Just a day before the president announced new executive actions on gun control earlier this month, the FBI reported record numbers collected from the National Instant Criminal Background Check System (NICS) during the past year.
In December, a whopping 3.3 million firearm-related checks were conducted via NICS. That’s 1 million more than reported in December 2014 (2.3 million), which makes it the highest one-month total in NICS history. The previous one-month high was reported in December 2012 when Obama, after he was reelected, announced gun control would be a top priority during his second term in the White House.
The current surge may have spiked last December but it really began earlier in the year. Monthly totals from May-November 2015 were the highest on record for those months. Over the course of the entire year, 23.1 million NICS checks were reported, 10 percent more than in 2013 and 2014.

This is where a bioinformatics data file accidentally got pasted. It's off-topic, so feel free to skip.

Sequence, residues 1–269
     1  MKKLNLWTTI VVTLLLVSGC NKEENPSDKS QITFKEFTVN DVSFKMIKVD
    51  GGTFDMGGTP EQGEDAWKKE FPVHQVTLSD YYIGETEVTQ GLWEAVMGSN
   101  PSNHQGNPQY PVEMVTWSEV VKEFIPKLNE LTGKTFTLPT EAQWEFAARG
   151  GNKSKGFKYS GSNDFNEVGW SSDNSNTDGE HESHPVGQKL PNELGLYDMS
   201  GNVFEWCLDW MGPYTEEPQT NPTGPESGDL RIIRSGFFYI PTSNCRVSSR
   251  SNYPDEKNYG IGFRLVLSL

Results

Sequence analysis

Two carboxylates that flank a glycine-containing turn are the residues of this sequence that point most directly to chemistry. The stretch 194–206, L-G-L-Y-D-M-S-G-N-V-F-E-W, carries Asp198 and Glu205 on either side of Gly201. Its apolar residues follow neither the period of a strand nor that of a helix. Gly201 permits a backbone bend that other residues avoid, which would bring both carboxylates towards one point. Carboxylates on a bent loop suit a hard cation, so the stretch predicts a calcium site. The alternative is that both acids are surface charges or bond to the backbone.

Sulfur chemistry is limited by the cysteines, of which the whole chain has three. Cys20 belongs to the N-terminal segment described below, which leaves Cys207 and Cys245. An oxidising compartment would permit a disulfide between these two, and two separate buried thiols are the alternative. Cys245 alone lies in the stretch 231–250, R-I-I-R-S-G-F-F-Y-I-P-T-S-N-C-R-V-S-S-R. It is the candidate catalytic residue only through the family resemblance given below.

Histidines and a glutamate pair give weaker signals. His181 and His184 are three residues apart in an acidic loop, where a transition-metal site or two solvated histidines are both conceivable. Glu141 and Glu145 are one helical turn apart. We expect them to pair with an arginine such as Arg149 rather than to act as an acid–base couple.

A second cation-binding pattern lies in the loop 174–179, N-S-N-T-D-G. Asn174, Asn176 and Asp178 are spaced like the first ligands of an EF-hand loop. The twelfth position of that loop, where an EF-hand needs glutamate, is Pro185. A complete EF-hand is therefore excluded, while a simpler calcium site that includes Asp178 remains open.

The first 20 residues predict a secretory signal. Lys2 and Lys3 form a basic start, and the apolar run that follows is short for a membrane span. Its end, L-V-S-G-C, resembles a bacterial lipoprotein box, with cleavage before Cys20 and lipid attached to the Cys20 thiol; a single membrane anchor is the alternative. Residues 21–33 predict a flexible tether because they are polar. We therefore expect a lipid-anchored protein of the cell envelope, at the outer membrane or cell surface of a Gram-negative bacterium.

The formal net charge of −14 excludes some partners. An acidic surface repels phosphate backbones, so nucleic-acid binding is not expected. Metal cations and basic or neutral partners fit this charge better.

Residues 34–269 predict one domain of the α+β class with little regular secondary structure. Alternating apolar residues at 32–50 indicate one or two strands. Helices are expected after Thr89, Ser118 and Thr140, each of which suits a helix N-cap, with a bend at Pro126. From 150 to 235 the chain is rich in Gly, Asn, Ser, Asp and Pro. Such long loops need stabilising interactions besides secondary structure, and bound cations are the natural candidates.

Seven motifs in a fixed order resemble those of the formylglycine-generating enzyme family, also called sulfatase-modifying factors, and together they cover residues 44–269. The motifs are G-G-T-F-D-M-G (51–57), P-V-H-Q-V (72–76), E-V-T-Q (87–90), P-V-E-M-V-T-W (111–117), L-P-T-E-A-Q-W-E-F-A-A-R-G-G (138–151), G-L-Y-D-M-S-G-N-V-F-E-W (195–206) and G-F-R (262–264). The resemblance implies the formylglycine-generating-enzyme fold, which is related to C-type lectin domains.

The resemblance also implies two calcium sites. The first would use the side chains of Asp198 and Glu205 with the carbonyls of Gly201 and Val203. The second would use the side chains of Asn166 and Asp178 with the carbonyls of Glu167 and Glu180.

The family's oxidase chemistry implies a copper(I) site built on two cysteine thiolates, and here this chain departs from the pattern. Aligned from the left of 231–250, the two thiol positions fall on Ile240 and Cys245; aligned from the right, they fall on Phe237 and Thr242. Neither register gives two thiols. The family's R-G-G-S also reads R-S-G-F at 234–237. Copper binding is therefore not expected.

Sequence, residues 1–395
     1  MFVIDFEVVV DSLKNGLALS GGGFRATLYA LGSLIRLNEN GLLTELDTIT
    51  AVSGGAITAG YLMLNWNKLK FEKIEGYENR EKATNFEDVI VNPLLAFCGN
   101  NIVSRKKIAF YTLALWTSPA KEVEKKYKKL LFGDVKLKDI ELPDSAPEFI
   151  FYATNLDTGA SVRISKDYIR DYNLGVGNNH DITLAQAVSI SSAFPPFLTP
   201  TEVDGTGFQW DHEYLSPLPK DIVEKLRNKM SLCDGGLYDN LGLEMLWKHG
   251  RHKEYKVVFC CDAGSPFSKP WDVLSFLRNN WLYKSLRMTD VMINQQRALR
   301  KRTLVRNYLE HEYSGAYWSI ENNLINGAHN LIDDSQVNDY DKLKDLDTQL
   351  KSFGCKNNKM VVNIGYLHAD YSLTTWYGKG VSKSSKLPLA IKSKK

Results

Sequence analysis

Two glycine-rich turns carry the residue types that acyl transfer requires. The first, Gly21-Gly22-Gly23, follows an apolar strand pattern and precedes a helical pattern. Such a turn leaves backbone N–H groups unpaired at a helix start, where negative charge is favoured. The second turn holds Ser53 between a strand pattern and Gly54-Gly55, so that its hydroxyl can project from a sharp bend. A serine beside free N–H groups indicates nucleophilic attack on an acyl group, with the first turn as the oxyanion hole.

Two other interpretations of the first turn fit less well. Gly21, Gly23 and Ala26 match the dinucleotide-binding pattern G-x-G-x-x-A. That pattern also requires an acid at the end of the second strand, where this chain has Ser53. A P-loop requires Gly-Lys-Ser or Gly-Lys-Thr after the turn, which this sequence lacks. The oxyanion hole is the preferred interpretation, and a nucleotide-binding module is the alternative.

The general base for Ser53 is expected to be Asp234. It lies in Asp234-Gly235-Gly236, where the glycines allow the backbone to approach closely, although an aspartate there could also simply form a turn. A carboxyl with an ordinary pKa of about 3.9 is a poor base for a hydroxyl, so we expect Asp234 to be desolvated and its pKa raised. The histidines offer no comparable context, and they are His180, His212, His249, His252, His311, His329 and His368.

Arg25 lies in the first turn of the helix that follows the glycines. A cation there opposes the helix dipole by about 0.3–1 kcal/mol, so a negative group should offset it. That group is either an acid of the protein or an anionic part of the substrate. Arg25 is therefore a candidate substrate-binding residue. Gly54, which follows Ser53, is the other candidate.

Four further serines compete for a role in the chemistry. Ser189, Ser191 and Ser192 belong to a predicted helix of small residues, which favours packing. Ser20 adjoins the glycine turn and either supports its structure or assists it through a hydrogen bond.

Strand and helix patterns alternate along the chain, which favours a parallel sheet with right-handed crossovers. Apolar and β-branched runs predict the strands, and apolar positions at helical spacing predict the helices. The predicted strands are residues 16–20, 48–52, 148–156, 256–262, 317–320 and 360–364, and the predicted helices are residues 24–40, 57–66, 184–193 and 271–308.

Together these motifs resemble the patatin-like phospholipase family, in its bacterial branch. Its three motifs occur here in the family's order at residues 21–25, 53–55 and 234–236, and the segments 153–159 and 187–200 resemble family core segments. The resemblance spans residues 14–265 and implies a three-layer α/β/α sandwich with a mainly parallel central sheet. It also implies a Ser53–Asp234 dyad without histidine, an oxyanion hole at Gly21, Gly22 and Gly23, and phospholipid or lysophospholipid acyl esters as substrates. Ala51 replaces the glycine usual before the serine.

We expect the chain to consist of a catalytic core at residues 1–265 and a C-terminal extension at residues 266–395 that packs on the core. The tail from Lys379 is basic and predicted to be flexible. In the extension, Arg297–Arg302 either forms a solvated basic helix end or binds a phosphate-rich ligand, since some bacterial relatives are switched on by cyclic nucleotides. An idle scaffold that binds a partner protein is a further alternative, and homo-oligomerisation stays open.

Handguns top the 2015 list: 57 percent of checks last year were conducted for them. But in December the trend was long guns, when 58 percent of checks were conducted for them. Perhaps purchases of AR-15s drove that uptick, as NICS numbers suggest Americans now own more than 8 million of them—and the number is growing by about a million per year.
Clearly, gun control is not as popular as President Obama wants folks to believe.
There is no reason to believe 2016 will not be another record-setting year for gun sales. The president has one more year in office, and Democrat presidential candidate Hillary Clinton has laid out ambitious plans for gun control should she be elected to the White House in November. Those two things alone might drive gun sales this year. But not to be forgotten is another driver: innovation gunmakers continue to display (see the AH Golden Bullseye Awards).